Saturday, March 17, 2007

No dancing for Me, Part 6

I lean against the brick wall beside me. It doesn’t matter—my dress is filthy anyway. The jumble of smells in the alley—vomit and David’s English Leather mingled with rotting trash and old cigarettes—sets me off again. Dry heaves leave me doubled over and wishing to die or at least disappear.

David’s not behind me any more. I walk toward the street, trying to get away from the smell. Off to the right, Brenda Kay is marching through the pool of light in front of the Legion Hall's entrance. David follows her, carrying a folding chair.

I sink onto the chair and turn my face up. Brenda puts her hand on my forehead and looks into my eyes, and we both know there will be no dancing for me tonight.

“You have to go home,” she says. “I’ll get your folks.”

“They can’t leave. They’re chaperoning.”

David steps up. “I’ll take her home. I can take care of her,” he says.

Brenda nods and goes off to find my mom and dad. I slump on the cold metal chair, sick and sad and smelly. Mom’s feet appear in front of me and I look up into her tight, disapproving face.

“What’s wrong with you?” she asks.

“Don’t know. Just started throwing up,” I answer.

“What?” Realization breaks and she pulls a big wad of paper out of each ear. I recognize the red-and-white paper we used to cover the Legion’s dirty plywood tables. “It’s so loud in there I can’t stand it. What did you say?” she asks.

“I’ve been throwing up. I don’t know why.”

Mom’s lips disappear. Suspicion sparkles in her eyes as she looks from me to David, trying to decide whether we’ve been drinking. She leans toward David and sniffs.

Good grief, could she embarrass me a little more or is this the best she can do?

I’m cold. I’m missing the dance. My head hurts and my throat burns and I’m miserable.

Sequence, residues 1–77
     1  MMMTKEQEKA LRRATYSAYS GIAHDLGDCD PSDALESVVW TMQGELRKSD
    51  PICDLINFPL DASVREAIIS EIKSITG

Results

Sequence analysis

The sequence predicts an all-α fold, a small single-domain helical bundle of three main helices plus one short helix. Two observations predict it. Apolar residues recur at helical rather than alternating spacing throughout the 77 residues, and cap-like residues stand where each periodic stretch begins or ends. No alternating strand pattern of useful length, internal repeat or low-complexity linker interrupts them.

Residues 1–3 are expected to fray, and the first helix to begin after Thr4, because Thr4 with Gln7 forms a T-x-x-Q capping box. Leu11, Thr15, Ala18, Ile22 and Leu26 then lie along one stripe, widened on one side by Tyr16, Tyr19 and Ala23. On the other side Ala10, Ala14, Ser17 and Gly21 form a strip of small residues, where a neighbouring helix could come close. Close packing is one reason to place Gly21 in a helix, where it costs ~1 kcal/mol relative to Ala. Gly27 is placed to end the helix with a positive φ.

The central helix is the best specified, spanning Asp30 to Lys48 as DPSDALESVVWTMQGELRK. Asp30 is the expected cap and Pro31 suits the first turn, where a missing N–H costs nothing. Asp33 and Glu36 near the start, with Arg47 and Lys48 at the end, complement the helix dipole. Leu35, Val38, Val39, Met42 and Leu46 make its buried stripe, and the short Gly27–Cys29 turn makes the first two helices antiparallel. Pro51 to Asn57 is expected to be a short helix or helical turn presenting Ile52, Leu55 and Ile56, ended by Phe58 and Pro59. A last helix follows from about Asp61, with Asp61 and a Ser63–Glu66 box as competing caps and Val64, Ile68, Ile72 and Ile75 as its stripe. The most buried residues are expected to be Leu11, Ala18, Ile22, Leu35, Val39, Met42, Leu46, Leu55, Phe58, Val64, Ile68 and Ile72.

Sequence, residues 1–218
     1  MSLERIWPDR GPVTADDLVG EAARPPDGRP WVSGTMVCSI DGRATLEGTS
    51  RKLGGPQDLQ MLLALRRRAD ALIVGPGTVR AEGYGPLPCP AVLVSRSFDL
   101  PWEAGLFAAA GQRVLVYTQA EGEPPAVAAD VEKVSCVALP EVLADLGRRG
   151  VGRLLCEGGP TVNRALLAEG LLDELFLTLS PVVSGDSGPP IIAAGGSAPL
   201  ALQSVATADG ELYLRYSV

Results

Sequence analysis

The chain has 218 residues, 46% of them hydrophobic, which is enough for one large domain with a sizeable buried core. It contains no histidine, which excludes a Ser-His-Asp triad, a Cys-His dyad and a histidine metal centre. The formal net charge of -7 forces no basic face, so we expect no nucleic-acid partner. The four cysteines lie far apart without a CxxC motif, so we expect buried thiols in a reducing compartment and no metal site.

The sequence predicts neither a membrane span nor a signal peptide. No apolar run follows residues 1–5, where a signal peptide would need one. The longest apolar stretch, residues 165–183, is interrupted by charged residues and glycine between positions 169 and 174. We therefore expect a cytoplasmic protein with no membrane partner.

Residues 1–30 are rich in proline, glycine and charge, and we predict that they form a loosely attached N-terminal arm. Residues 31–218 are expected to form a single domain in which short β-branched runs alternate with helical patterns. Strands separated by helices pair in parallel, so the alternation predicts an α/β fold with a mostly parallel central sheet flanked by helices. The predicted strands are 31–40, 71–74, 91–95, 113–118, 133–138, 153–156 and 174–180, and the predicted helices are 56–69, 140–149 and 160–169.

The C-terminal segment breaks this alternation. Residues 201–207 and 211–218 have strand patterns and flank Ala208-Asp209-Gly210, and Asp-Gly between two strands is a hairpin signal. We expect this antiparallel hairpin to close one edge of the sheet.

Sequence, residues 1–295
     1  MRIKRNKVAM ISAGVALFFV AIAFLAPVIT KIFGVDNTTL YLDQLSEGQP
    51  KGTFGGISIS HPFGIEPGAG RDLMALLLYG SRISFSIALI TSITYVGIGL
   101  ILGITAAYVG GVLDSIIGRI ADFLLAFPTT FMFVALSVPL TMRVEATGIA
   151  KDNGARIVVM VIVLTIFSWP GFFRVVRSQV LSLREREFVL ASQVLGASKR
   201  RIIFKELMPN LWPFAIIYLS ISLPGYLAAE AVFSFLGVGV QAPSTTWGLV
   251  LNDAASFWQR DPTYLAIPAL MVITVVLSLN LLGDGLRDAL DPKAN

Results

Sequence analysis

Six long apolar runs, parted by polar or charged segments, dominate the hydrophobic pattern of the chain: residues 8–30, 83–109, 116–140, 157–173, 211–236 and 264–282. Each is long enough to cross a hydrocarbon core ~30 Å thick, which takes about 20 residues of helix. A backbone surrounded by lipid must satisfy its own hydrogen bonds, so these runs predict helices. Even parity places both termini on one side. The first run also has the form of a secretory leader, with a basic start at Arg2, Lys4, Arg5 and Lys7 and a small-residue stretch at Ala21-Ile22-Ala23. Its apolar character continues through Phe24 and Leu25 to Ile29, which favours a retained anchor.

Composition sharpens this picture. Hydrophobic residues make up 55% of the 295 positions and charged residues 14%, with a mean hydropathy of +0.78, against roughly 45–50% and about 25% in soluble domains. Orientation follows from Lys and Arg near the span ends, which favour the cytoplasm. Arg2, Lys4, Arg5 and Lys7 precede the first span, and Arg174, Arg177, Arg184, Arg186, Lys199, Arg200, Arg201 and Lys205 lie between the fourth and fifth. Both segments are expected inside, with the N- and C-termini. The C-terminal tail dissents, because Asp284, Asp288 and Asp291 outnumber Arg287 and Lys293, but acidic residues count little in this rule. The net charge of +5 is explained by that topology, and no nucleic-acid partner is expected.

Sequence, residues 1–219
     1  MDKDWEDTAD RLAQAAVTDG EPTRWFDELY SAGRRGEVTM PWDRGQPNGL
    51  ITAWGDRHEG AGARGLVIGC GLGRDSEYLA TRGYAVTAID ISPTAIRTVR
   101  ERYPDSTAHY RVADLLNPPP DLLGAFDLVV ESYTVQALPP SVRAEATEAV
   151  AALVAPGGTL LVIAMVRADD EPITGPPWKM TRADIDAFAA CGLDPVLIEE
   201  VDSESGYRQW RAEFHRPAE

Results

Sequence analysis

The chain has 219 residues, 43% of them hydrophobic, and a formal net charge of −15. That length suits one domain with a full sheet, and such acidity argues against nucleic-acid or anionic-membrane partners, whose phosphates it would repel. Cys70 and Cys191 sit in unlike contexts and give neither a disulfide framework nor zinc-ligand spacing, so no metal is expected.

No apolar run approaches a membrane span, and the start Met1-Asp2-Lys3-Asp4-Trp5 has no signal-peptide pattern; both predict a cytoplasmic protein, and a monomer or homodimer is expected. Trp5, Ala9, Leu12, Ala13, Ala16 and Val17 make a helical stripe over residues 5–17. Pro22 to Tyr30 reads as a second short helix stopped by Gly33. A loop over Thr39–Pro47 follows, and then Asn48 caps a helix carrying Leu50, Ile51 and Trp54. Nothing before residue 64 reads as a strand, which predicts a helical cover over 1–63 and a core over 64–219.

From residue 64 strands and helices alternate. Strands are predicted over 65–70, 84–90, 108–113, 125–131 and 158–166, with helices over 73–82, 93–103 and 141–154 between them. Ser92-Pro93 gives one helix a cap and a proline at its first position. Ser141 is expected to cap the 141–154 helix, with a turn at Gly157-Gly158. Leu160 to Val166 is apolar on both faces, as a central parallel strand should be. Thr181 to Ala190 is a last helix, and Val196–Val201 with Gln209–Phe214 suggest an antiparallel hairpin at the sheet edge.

“Go home,” she says. “We’ll be there as soon as this thing is over.”

David takes my arm. I worry about what I must smell like but don’t resist. The Lavender Hill Mob kicks into “Gloria” as we walk toward his car. By the time they should be getting to the G-L-O-R-I-A part, I can’t hear them anymore. Tears stream down my face. I tell David he should come back to the dance after he drops me off.

"No way," he says, his voice a strange mixture of gruff and gentle. "I'm staying until your folks get home."

I don’t argue.


Kim said...

I can feel what you're feeling, smell what you're smelling, hear the music blaring, so near yet so far. More, more, more please!!

kario said...

Awww! I am loving this sexy, swaggering, sweet and gentle guy who you are with and I am loving this story. I'm betting that missing the dance gave you the opportunity to explore something you might not have otherwise. Can't wait to hear about it.

holly said...

i'm so right there in that alley with you (and so happy to be back online reading).

yes, more, more, more!

Monica said...

David seems like a great guy. I can completely understand where you're coming from, too, but I have to say, he sounds so sweet.

I can't wait to keep reading.